I must confess that I have never seen such dissension and disagreement among economists about whether we are going into a period of inflation or one of deflation. On the one side, there are those who are alarmed at the easy money, low interest rate policies that have been adopted by most central banks in developed markets. The surge in the money supply, they argue, will inevitably cheapen the currency and lead to inflation. On the other side, there are many who point to the Japanese experience where a stagnating economy and weak demand lead to price deflation. I have given up on trying to make sense of what macro economists say but you probably have a point of view on inflation and are wondering how inflation or deflation will affect your portfolio.

To understand how inflation affects the value of a company, let's get down to basics. The value of a company can be written as a function of its expected cash flows over time and the discount rate appropriate for these cash flows. In its simplest form, the value of a stable growth firm can be written as:
Value = (Revenues - Operating Expenses - Depreciation) (1- tax rate) / (Cost of capital - Stable growth rate)
Assume now that inflation jumps from 1% to 5%. For value to be unaffected, everything has to increase proportionately. Thus, revenues, operating expenses and depreciation all have to increase at the inflation rate, the tax rate has to remain unchanged and the discount rate will have to increase by that same percentage. So, what might cause this to break down?
a. Lack of pricing power: Even though the overall inflation rate may be 5%, not all firms may be able to raise prices by that magnitude. Put simply, firms with loyal customers, a strong brand name and significant competitive advantages will be able pass inflation through better than firms without those benefits.
b. Input costs: By the same token, not all input costs will increase at the same rate as inflation. If oil prices increase at a rate higher than inflation, an airline that lacks pricing power may find itself squeezed by higher costs on one side and stagnant revenues on the other.
c. Tax rate: The tax code is written to tax nominal income, with little attention paid to how much of the increase in income comes from real growth and how much from inflation. Thus, the effective tax rate you pay may increase as inflation increases.
d. Cost of capital: The effect on higher inflation will be felt most directly in the risk free rate, which will rise as inflation rises. However, equity risk premiums (which determine cost of equity) and default spreads (for cost of debt) may also change.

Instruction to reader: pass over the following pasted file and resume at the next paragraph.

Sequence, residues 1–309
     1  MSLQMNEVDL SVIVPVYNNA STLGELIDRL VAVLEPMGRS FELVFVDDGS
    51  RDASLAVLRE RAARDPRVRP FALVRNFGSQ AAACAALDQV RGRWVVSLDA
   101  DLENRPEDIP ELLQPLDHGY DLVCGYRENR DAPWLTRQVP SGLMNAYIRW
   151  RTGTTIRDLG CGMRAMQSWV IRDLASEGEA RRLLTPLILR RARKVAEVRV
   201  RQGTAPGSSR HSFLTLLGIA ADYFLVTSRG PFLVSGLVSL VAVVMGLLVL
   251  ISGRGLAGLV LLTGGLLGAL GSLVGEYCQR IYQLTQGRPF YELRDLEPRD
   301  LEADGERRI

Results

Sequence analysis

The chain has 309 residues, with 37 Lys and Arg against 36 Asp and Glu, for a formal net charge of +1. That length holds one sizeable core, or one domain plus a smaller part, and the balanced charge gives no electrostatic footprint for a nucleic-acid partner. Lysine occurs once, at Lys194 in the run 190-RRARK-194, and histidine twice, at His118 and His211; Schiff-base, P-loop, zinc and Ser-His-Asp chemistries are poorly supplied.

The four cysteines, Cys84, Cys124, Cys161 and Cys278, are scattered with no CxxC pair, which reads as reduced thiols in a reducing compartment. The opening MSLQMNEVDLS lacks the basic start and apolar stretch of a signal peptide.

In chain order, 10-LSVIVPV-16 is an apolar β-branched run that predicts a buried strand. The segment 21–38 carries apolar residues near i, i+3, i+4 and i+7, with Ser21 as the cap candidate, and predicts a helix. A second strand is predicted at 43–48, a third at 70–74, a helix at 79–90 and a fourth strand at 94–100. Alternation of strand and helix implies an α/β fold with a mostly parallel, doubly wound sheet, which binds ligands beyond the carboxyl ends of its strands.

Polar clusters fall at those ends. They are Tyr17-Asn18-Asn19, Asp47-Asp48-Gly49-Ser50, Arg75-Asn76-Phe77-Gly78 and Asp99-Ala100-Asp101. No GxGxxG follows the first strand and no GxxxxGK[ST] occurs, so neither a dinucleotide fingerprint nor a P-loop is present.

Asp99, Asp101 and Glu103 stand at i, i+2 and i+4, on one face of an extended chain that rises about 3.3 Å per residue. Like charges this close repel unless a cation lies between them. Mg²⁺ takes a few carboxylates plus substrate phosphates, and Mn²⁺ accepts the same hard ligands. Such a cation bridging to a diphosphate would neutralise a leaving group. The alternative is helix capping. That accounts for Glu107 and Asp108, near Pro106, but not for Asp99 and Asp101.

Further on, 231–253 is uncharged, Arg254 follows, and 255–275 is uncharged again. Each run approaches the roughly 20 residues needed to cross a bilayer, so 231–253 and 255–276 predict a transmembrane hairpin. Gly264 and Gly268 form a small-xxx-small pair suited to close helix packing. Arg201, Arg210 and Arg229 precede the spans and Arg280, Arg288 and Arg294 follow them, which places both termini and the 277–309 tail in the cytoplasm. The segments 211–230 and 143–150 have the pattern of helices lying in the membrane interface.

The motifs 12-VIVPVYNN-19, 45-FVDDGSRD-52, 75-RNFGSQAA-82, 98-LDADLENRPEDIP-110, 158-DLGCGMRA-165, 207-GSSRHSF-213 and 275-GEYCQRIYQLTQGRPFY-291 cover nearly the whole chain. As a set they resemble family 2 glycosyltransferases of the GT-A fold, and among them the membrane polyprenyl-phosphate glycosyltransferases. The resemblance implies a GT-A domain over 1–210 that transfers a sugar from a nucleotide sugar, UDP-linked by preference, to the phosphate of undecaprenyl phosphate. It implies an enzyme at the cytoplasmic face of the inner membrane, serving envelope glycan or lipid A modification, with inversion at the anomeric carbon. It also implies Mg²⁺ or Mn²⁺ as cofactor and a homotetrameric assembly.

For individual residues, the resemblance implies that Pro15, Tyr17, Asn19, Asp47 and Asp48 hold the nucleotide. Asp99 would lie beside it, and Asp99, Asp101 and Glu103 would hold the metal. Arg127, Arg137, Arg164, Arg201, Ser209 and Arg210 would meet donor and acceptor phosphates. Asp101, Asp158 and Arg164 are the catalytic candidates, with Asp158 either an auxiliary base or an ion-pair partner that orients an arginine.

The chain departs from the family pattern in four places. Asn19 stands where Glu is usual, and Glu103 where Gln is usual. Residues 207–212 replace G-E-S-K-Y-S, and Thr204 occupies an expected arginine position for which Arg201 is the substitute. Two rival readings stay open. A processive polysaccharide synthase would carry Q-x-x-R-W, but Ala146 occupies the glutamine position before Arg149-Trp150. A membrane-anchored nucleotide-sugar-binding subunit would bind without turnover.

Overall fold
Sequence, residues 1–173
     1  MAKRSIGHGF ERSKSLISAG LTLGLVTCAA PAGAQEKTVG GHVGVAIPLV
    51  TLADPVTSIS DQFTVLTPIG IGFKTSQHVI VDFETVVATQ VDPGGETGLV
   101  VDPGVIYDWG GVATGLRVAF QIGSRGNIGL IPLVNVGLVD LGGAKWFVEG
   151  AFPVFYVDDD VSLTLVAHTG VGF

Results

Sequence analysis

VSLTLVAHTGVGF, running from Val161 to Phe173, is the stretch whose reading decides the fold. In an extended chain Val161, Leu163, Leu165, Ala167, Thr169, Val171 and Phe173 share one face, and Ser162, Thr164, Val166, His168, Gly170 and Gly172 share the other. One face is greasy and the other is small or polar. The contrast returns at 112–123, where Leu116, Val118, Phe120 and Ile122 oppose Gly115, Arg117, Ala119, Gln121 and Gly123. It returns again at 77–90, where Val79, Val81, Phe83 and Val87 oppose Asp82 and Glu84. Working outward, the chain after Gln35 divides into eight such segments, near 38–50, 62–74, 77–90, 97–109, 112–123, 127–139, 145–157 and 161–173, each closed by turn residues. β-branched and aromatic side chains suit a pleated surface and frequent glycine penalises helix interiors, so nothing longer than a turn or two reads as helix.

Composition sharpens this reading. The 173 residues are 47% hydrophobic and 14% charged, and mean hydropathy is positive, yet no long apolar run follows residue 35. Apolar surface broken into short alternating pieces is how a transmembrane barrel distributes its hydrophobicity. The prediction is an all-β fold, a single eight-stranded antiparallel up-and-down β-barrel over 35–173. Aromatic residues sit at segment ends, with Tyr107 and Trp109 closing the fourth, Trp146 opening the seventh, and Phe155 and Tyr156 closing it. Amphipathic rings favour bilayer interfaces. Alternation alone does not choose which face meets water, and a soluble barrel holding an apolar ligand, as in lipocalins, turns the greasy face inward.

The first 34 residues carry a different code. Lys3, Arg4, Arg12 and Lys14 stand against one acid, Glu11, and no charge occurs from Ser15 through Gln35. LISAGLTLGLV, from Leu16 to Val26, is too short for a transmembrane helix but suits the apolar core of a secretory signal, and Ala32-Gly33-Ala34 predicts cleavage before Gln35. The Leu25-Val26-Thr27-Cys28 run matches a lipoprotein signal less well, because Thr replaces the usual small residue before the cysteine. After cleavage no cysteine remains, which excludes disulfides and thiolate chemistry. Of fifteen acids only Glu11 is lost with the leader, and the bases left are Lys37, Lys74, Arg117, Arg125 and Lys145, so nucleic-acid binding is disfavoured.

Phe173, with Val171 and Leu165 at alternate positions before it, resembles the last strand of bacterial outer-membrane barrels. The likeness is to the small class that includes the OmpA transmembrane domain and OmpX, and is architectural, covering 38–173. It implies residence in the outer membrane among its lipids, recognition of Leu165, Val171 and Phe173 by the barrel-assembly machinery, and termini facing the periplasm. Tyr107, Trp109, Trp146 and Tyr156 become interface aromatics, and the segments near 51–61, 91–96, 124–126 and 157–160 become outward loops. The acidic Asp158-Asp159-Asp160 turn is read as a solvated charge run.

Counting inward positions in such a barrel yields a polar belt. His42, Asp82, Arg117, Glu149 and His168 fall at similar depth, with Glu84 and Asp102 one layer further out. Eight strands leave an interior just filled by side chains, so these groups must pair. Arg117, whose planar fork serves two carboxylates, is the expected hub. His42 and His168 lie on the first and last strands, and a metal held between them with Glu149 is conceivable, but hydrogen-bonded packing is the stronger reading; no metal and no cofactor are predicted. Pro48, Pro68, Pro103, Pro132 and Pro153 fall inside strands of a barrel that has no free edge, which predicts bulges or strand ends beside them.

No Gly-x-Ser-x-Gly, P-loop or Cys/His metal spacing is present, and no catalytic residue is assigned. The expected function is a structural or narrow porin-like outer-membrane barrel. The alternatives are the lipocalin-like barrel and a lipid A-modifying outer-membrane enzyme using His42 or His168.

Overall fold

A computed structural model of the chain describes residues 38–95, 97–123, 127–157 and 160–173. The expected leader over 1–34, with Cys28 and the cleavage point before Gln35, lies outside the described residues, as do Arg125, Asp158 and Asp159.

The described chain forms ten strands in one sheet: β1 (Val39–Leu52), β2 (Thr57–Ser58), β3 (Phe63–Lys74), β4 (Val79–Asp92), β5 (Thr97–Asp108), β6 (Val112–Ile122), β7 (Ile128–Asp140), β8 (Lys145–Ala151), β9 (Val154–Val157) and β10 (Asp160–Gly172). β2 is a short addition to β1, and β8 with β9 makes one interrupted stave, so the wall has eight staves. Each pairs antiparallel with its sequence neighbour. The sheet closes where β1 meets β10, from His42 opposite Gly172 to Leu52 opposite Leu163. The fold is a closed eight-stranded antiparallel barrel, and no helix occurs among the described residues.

Historically, higher inflation has not been a neutral factor for stocks. Stocks have done worse during periods of high and increasing inflation and much better in periods of lower inflation. This graph, which I borrowed from a Wall Street Journal article, illustrates the stark divide:
That may seem puzzling because we are often told that it is bonds that are hurt by inflation and that stocks are good inflation hedges. Here is why I think the logic breaks down. When inflation increases, equity investors are hurt for two reasons. The first is that the discount rate (cost of equity and capital) increases more than proportionately, because risk premiums increase with inflation. For instance, the equity risk premium in the United States increased from 3.5% in 1970 to 6.5% in 1978 and default spreads also widened. The second is that the tax code is not inflation neutral. For companies that have substantial fixed assets, depreciation is based upon historical cost and not indexed to inflation. Consequently, the tax benefits from depreciation become less valuable as inflation increases; think of it as an implicit increase in your effective tax rate.

If I believed that high inflation was around the corner, I would first shift more of my portfolio from financial assets to real assets. Within my equity allocation, I would invest more of my money in companies that have pricing power (allowing them to pass inflation through to their customers), inputs that are not very sensitive to inflation (so that costs don't keep up with inflation) and few fixed assets (to prevent the depreciation tax impact). I can think of several technology, consumer product and entertainment companies that fit the bill. As a bonus, I would like the companies to have long term debt obligations at fixed rates; inflation is likely to dilute the value of the debt. These companies are likely to see their cash inflows increase at a rate faster than inflation and will be able to buffer the impact of inflation on discount rates. In my bond portfolio, I would steer my money to short term government securities, inflation indexed treasury bonds (TIPs) and floating rate corporate notes; they are least likely to be devastated by higher inflation.